Is an Alcohol Addiction Program Really Necessary?

Is an Alcohol Addiction Program Really Necessary?

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Any alcohol addiction program has to accomplish several things in order for it to be effective.  Ultimately, the goal is going to be complete abstinence from alcohol, and the best outcome is to sustain this over a long period of time or even indefinitely.  Those who relapse end up right back where they started, often being worse off than they were before.

Programs for alcohol addiction like Alcoholics Anonymous are useful up to a point, and they address the idea of abstinence while also forming a social support system through the meetings that they hold.  The program is also based on spiritual growth as a means of overcoming alcohol addiction.  This works out really well for some people–seemingly those who dedicate their entire life to the program and work very hard at following the principles it contains.  Most who try AA will not actually do this well, and almost half will drop out immediately.  Those who stick and stay have some hope for a new life.

just a typical afternoon...
Creative Commons License photo credit: tanjila

This is part of the key for any form of alcohol addiction help: it has to go beyond mere abstinence and actually form a plan for creating a new life.  This is actually as hard as it sounds.  The alcoholic must create an entirely new life and pretty much change everything.  So any program of recovery has to address this monumental task in some way.  A spiritual experience is not going to benefit someone if they do not use that momentum and energy to create massive changes in their daily living.  This has to do with both external factors, such as where they hang out after work and who they associate with, to internal factors, such as how they perceive reality and how they deal with stress.  That is why they say in 12 step fellowships that “the only thing you have to change is everything.”  The alcoholic is faced with the challenge of addressing both internal and external factors of their everyday living.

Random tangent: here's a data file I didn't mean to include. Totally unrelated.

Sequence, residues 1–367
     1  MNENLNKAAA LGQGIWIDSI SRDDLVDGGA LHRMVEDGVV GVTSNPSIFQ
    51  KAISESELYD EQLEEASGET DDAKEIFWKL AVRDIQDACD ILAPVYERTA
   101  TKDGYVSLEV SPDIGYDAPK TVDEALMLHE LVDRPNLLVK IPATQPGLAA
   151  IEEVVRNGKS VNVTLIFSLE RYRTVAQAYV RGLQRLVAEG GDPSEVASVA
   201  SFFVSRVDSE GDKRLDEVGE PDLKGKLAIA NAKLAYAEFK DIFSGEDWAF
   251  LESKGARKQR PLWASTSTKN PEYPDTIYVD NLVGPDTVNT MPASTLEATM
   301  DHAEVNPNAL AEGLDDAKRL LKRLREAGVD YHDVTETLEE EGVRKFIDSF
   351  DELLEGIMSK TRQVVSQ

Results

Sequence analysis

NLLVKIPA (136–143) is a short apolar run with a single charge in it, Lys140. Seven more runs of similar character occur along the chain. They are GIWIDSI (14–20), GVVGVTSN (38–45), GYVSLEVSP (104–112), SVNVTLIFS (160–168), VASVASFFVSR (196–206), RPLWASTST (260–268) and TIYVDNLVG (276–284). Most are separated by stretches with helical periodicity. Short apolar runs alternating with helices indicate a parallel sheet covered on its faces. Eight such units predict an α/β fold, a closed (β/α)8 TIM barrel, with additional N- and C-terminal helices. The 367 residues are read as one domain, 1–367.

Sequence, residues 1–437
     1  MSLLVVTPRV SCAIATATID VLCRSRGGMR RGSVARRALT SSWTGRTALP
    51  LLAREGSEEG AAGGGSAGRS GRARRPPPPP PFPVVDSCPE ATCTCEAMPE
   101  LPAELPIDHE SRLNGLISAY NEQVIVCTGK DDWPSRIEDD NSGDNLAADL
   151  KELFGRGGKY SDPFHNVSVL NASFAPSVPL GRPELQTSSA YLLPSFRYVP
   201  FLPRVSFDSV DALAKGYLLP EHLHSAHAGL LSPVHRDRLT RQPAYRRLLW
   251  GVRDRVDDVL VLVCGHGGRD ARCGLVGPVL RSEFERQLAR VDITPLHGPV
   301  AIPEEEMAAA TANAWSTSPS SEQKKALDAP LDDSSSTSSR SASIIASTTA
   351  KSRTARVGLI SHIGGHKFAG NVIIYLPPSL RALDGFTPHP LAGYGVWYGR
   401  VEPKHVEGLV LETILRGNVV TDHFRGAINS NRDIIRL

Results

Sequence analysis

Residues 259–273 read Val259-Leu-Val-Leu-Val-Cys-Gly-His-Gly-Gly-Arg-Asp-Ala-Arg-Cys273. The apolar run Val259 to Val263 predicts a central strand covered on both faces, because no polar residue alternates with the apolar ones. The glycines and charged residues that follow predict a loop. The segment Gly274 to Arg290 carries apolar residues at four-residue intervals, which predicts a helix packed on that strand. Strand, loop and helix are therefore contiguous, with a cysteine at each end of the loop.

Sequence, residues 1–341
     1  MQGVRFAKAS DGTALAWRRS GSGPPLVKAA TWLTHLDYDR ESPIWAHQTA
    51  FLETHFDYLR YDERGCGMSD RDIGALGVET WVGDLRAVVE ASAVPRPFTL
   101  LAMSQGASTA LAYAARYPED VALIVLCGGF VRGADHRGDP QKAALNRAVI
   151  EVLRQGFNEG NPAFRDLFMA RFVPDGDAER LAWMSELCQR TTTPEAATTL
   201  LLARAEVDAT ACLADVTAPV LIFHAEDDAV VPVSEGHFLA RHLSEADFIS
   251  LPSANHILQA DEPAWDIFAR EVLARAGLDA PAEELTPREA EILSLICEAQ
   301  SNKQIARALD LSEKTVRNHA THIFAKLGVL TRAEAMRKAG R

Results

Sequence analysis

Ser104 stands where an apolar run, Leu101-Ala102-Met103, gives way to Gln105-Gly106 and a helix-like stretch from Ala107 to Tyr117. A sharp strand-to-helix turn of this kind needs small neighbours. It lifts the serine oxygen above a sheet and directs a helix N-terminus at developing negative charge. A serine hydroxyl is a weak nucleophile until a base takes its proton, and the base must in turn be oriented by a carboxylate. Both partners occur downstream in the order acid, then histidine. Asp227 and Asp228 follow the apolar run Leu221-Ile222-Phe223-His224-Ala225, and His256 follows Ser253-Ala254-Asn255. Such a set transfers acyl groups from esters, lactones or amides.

One way to do this is by using massive amounts of action in early recovery to change your routine.  Going to 12 step meetings every single day is one way to accomplish this, though that path is not for everyone.  There are other ways to change your life drastically and overcome alcoholism.  But the key is change, and in order to affect change on the scale necessary, the alcoholic must expend a lot of energy and put forth a ton of effort.  Nothing less will result in lasting sobriety.

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In order to affect massive change in your life, you might:

* Attend 90 meetings in 90 days as is suggested routinely in 12 step programs.

* Go live in a long term rehab center, where you will focus intensely on recovery every single day of your new life.

* Start exercising on a regular basis, which will benefit your recovery on several different levels while filling your time with something positive.

* Build a network of people in recovery who support each other in their effort to create a new life.

And so on.  You don’t need to follow a specific program necessarily, but you do need to take massive action.  The results are in the passion, not in the procedure.  Positive action will work, you just have to work it.  There are no mysteries in recovery, etc.

Do the work and reap the rewards.

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